The Great Gold Bubble Finally Pops
Jan 21st 2013 3:00PM
Updated Jan 21st 2013 6:20PM
On this day in economic and financial history ...
Gold hit an all-time high of just over $1,920 per ounce in September 2011 as rattled investors sought out hedges in the wake of a disastrous debt-ceiling battle. But this was not its true peak. Adjusted for inflation, Jan. 21, 1980, remains gold's highest level. At one point in trading on the New York Commodity Exchange, the precious metal touched an intraday level of $875 per ounce, which would be the equivalent of $2,438 in 2012 dollars.
At the time, annual inflation was running in the double digits, as it had in 1979 and as it would in 1981. However, the only real speculation surrounding gold's huge surge was some vague rumbling about the Russians. Nine years earlier, President Nixon had ended gold convertibility. It was worth $35 an ounce then, and its rise -- which only began in earnest in 1976 -- had increased its value by 2,400%. Even when taking inflation into account, gold had gained nearly 800% during a time in which the Dow Jones Industrial Average moved from 846 points to 872 points. For nine years, the country's leading stock index saw its real returns turned into a laughingstock by a shiny yellow metal. Jan. 21, 1980 is the only day in history when a single ounce of gold was valued more highly than the Dow (on a points-to-dollars basis).
But then, just as rapidly as it began, the rampaging golden bull market of a lifetime was over. The Federal Reserve, under inflation-buster Paul Volcker, began to ratchet up the funds rate to a peak of 20% in 1981. Inflation began to fall. By the end of 1982, the Dow began to boom into one of the greatest stock market bull runs ever seen, and gold had lost about half of its value. Even this was a high point for gold, relatively speaking. As the Dow rose from 1,000 points to more than 11,000 points, gold dropped from a nominal $450 an ounce to less than $300 an ounce. Although the metal rose spectacularly after the dot-com bust as equity markets struggled to regain their peaks, it's yet to post anything like the spectacular gains it enjoyed in the 1970s. In nominal terms, gold's post-dot-com rise has tacked on about 600% of new value from trough to peak, less than the post-Nixon rise in either nominal or real terms.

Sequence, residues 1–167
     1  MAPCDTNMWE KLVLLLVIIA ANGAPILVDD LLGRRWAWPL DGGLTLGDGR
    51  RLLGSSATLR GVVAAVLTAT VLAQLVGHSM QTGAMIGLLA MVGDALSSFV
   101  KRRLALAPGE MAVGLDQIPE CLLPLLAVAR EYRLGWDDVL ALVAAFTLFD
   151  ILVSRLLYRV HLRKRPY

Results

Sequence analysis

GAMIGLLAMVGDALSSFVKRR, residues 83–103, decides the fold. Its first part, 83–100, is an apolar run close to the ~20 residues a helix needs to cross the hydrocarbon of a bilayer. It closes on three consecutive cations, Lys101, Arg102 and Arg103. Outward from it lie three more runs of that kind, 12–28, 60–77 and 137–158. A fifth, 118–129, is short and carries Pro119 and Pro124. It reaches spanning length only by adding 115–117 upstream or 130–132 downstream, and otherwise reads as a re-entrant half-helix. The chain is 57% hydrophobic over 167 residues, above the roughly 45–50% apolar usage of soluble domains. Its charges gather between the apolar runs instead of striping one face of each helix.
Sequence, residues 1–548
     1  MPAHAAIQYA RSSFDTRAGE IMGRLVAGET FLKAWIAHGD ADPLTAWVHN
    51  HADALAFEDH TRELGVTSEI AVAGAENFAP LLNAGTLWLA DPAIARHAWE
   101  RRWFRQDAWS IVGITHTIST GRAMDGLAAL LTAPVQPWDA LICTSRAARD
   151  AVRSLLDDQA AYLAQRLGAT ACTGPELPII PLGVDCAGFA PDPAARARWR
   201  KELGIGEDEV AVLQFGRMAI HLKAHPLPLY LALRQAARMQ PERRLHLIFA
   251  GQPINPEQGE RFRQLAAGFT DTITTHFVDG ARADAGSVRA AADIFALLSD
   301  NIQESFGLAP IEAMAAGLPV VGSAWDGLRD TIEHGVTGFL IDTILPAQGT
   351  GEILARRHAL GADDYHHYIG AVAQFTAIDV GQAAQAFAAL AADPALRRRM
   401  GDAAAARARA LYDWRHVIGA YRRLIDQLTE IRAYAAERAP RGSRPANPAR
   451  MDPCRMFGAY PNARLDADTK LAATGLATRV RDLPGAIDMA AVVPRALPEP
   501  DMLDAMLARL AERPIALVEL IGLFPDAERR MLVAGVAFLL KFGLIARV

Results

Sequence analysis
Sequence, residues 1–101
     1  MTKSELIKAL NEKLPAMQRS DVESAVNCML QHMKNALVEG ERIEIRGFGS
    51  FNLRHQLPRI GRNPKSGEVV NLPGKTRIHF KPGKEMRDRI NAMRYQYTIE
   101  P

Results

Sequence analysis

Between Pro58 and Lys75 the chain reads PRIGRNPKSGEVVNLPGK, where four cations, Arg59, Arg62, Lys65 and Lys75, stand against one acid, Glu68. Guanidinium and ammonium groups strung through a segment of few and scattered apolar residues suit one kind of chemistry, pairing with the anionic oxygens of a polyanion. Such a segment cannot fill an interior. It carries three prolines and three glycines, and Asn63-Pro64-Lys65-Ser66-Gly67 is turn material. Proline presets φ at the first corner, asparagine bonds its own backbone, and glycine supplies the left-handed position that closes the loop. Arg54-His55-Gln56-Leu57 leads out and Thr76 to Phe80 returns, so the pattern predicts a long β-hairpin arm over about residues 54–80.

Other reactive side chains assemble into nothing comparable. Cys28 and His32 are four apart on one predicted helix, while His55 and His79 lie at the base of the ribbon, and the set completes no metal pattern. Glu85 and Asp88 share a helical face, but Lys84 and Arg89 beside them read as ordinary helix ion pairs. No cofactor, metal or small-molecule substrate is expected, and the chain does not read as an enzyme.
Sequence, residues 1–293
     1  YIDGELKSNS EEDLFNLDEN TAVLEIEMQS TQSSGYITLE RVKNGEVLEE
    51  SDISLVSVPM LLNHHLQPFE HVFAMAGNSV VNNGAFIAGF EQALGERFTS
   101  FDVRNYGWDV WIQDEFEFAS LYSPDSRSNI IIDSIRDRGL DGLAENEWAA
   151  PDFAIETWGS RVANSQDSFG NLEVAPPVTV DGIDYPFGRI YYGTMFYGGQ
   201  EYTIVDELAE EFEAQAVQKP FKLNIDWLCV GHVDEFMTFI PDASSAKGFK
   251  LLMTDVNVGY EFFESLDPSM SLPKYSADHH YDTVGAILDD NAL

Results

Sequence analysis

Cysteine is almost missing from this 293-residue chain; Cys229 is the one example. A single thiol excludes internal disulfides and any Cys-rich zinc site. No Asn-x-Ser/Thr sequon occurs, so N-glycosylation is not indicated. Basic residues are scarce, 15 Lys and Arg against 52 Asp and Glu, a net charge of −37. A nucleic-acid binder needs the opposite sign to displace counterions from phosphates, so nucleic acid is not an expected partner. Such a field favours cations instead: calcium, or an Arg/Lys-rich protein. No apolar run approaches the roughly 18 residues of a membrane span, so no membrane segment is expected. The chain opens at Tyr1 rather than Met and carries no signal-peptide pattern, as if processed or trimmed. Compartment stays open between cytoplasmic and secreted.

Black Monday (for everyone else)
Markets around the world plunged on Jan. 21, 2008, several days after a flood of warning signs pointed to a likely recession in the United States. In London, the FTSE 100 lost nearly $150 billion in value as it dropped 5.5%, adding pressure to a market that had at that point lost 14% since the start of the year. In Japan, the moribund Nikkei lost 4%. German and French indices both took a painful 7% haircut, and the MSCI Emerging Markets Index fell to late-2006 levels with a 3.3% loss.
That same day, Fortune magazine tut-tutted the notion of a truly devastating recession, noting that U.S. GDP increased 4.9% in the third quarter of 2007 and was still expected to grow in the fourth. The Fed was not forecasting a 2008 recession, according to Fortune, and even if it did in fact occur, it could just as well be a shallow decline during which unemployment would not rise beyond 6%. Fortune also expressed concern that Fed Chairman Ben Bernanke's stimulative policies ("pumping money into the system") would result in an inflationary spike.
Fortune's projections turned out to be wrong on nearly every count, and the global index crashes of Jan. 21 turned out to be prophetic, after a fashion. All five of these indexes peaked in the late spring of 2008 before enduring steep declines that bottomed out in 2009, following nearly the same trajectory that the Dow took during the financial crisis in the United States. In the four years that followed, only Germany's DAX index managed to surpass the highs reached shortly after Black Monday.